Section 438 Cr.P.C; P. Jayarajan Vs. State [Kerala High Court, 11-02-2016]

Unlawful Activities (Prevention) Act, 1967 Section 43-D(4) – Application for anticipatory bail – Maintainability of – Simply because an offence under the UAP Act is alleged, it cannot be said that the bar under Section 43-D(4) would apply. There must be materials prima facie to found the allegation against the accused that he committed the offence under the UAP Act. If that test is over, the bar under Section 43-D(4) will apply and the application for anticipatory bail will not be maintainable.


IN THE HIGH COURT OF KERALAAT ERNAKULAM

K.T.SANKARAN & K.P. JYOTHINDRANATH, JJ.

Crl.A. No.125 of 2016 (C)

Dated this the 11th day of February, 2016

AGAINST THE ORDER IN CRL.M.C. NO.190/2016 OF THE SESSIONS COURT, THALASSERY, DATED 30-01-2016. CRIME NO.RC.10(S)/2014/CBI/SCB/TVPM IN CBCID CR.141/CR-HHWIII/KKD/14/KANNUR). (CRIME NO.780 OF 2014 OF KATHIRUR POLICE STATION

APPELLANT/PETITIONER/ACCUSED NO.25

P.JAYARAJAN, AGED 62 YEARS, S/O.KUNHIRAMAN DISTRICT SECRETARY CPI(M), AZHEEKODAN SMARAKA MANDIRAM-670 002 RESIDING AT KAIRALI, POOKODU PO, PATTIYAM AMSOM KONAGATTA DESOM, THALASSERY TALUK KANNUR DISTRICT-670 643.

BY ADVS. SRI.M.K.DAMODARAN (SR.) SRI.K.GOPALAKRISHNA KURUP (SR.) SRI.ALAN PAPALI SRI.K.VISWAN SRI.GILBERT GEORGE CORREYA SRI.NISHIL.P.S. SRI.A.VELAPPAN NAIR SRI.ANTONY ROBERT DIAS SRI.J.VIMAL

RESPONDENTS/RESPONDENT/COMPLAINANT

STATE, THE CENTRAL BUREAU OF INVESTIGATION SPECIAL CRIME BRANCH, THIRUVANANTHAPURAM REPRESENTED BY THE STANDING COUNSEL HIGH COURT OF KERALA, ERNAKULAM, KOCHI-682 031.

R1 BY STANDING COUNSEL FOR CBI SRI.P.CHANDRASEKHARAN PILLAI. BY PUBLIC PROSECUTOR SMT.BINDHU GOPINATH ADDL R2 BY ADVS. SRI.S.RAJEEV SRI.K.K.DHEERENDRAKRISHNAN SRI.V.VINAY

JUDGMENT

K.T.Sankaran, J.

The Criminal Appeal is filed by accused No.25 in RC.10(s)/ 2014/CBI/SCB/TVPM on the file of the Court of Session, Thalassery, by which the learned Sessions Judge dismissed the application for anticipatory bail filed by accused No.25 under Section 438 of the Code of Criminal Procedure. Accused No.25 (P.Jayarajan) had filed Crl.M.C.No.989 of 2015, on the file of the Court of Sessions, Thalassery, for anticipatory bail. But, that application was dismissed by the learned Sessions Judge as per the order dated 24.7.2015. Again, accused No.25 filed Crl.M.C.No.83 of 2016 for the same relief and the learned Sessions Judge dismissed the same as per the order dated 19.1.2016. At the time when the first and second applications were dismissed by the learned Sessions Judge, P.Jayarajan was not arraigned as an accused in the case. Later, as per the report dated 21.1.2016 filed by the Central Bureau of Investigation (hereinafter referred to as ‘CBI’), P.Jayarajan was arraigned as accused No.25. Thereafter, he filed Crl.M.C.No.190 of 2016 and it was dismissed by the court below as per the order dated 30.1.2016, which is under challenge in this Criminal Appeal. 2. On 1.9.2014, the incident alleged in the case occurred, in which a person (Elamthottathil Manoj) was murdered and another (Pramod) was seriously injured. In respect of the incident, Crime No.780 of 2014 was registered at Kathirur Police Station. Subsequently, investigation of the case was taken over by the CBI. The CBI re-registered the case on 28.10.2014 and took over investigation of the case on 5.11.2014. On 7.3.2015, the CBI filed a final report dated 6.3.2015, in which accused Nos.1 to 19 were arraigned as accused. Later, the CBI filed a report dated 9.7.2015 and accused Nos.20 to 24 were added. As stated earlier, the appellant (P.Jayarajan) was arraigned as accused No.25 as per the report dated 21.1.2016 filed by the CBI. The offences alleged against the accused are under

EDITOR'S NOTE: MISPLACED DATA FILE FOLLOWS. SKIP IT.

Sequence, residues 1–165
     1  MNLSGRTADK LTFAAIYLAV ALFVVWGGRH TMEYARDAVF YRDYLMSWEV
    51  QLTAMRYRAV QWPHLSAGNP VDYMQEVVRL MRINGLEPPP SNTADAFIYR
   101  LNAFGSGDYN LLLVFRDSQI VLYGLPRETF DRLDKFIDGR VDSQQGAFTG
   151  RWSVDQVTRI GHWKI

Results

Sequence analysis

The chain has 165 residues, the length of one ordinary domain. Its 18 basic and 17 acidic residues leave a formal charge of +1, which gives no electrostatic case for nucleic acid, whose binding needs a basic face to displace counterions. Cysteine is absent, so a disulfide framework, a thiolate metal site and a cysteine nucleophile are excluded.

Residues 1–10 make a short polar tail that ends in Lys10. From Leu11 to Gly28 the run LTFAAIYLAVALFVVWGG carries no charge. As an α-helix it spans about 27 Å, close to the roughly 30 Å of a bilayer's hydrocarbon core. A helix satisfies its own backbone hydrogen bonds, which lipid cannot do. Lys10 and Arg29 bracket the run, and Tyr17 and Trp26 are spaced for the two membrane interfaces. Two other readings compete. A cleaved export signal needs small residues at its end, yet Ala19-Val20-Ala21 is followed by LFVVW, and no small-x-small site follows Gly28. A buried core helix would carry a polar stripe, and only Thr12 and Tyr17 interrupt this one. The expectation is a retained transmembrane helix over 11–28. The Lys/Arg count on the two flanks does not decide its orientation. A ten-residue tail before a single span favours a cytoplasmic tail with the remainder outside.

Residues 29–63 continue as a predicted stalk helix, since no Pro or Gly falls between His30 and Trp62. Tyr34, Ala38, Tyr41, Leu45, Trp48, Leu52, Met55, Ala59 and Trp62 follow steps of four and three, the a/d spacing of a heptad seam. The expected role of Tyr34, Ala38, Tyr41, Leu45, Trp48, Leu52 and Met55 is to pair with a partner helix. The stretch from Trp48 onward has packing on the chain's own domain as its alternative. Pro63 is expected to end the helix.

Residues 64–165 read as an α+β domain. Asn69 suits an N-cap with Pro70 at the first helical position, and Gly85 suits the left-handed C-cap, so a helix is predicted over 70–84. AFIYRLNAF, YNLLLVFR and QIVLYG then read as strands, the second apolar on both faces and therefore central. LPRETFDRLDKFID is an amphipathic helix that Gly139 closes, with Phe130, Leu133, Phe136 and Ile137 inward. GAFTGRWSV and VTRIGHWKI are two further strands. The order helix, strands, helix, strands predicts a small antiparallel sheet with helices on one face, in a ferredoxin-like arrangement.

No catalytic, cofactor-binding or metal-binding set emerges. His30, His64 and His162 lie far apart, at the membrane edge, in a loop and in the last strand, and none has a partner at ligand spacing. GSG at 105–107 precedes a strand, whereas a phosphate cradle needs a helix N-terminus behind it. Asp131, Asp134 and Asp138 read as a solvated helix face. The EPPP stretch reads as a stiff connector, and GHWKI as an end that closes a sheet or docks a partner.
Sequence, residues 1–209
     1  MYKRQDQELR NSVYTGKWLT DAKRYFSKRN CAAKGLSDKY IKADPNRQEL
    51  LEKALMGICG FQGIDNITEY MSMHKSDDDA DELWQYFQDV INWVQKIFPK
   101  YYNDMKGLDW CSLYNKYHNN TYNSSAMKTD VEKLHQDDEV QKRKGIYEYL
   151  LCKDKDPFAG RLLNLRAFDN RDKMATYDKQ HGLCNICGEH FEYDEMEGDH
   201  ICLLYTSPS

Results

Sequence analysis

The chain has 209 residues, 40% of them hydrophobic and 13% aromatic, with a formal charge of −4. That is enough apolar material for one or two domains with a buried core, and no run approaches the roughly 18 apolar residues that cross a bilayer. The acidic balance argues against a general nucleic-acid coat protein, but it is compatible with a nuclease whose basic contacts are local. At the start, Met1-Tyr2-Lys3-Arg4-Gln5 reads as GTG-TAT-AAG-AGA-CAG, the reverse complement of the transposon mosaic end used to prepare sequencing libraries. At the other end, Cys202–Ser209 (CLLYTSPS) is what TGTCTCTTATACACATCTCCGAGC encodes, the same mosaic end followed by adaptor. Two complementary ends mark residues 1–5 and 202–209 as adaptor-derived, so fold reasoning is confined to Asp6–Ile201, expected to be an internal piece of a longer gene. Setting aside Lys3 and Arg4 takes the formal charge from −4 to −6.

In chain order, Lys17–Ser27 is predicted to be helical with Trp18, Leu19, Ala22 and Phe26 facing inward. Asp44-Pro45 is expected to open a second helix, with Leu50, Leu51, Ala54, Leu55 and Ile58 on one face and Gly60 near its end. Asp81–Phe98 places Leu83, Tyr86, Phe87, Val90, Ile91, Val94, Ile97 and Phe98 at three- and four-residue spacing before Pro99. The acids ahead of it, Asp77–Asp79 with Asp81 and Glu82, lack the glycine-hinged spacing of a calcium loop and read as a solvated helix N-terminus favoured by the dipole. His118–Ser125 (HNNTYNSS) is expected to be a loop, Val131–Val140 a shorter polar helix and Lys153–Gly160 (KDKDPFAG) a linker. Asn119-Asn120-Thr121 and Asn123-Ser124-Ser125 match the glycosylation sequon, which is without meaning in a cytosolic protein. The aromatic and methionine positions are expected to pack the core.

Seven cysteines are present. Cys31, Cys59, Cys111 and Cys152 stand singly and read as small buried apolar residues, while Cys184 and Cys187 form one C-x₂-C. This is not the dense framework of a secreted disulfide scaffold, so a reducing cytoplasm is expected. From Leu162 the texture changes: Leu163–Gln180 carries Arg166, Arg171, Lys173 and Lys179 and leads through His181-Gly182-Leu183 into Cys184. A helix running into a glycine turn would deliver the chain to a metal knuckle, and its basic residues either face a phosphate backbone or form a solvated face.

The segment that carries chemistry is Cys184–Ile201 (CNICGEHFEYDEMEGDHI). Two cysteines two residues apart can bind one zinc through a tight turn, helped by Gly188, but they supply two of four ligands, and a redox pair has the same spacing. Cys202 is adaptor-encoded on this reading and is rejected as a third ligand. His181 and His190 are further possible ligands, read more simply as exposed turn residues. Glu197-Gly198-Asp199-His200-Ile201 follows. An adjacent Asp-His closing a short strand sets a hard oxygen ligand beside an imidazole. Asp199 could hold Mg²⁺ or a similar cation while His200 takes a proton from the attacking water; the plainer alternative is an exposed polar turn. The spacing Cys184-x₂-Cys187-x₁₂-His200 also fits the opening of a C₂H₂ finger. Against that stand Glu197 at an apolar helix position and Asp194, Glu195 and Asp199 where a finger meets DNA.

Sections 120B read with Sections 143, 147, 148, 201, 212, 324, 307 and 302 read with Section 149 of the Indian Penal Code

Sections 3 and 5 of the Explosive Substances Act

Section 27 of the Arms Act

and

Section 16(a) read with Section 15(1)(a)(i) and 19 of the Unlawful Activities (Prevention) Act

(hereinafter referred to as the ‘UAP Act’). It is submitted by the learned counsel appearing for the CBI that subsequently Section 18 of the UAP Act was also included as an item of offence against the accused.

3. The first application for anticipatory bail filed by the appellant was dismissed by the court below on 24.7.2015, holding that Section 43-D(4) and 43-D(5) of the UAP Act would be a bar to the maintainability of the application for anticipatory bail. The second application for anticipatory bail was dismissed by the court below on 19.1.2016 stating that the earlier application was dismissed on the ground of the bar under Section 43-D(4) and 43-D (5) of the UAP Act and the Court cannot review its own order. It was also held that there was no change of circumstances. In the present order which is under challenge, the court below held that in view of the orders passed earlier, the Court would not be justified in allowing the application as the orders cannot be reviewed in the third application.

4. Since it was likely that the arguments by both sides might be on the basis of the maintainability of the third application for anticipatory bail, we suggested to both sides that the matter can be disposed of on the merits rather than on the ground of technicalities. By adopting such a method, the question whether the appellant is entitled to anticipatory bail, whether there is a bar under Section 43- D(4) and whether the application can be entertained in view of the provisions of Section 43-D(5) can be considered independently. By adopting that method, the apprehension of the appellant that his bail application was not considered on the merits even after the CBI filed a report dated 21.1.2016, can be obviated. Accordingly, both sides argued the case in detail on the merits of the contentions and not on technicalities. The brother of deceased Manoj, who filed an application to get himself impleaded in the proceedings and which was allowed as unopposed, also got an opportunity to make his submissions.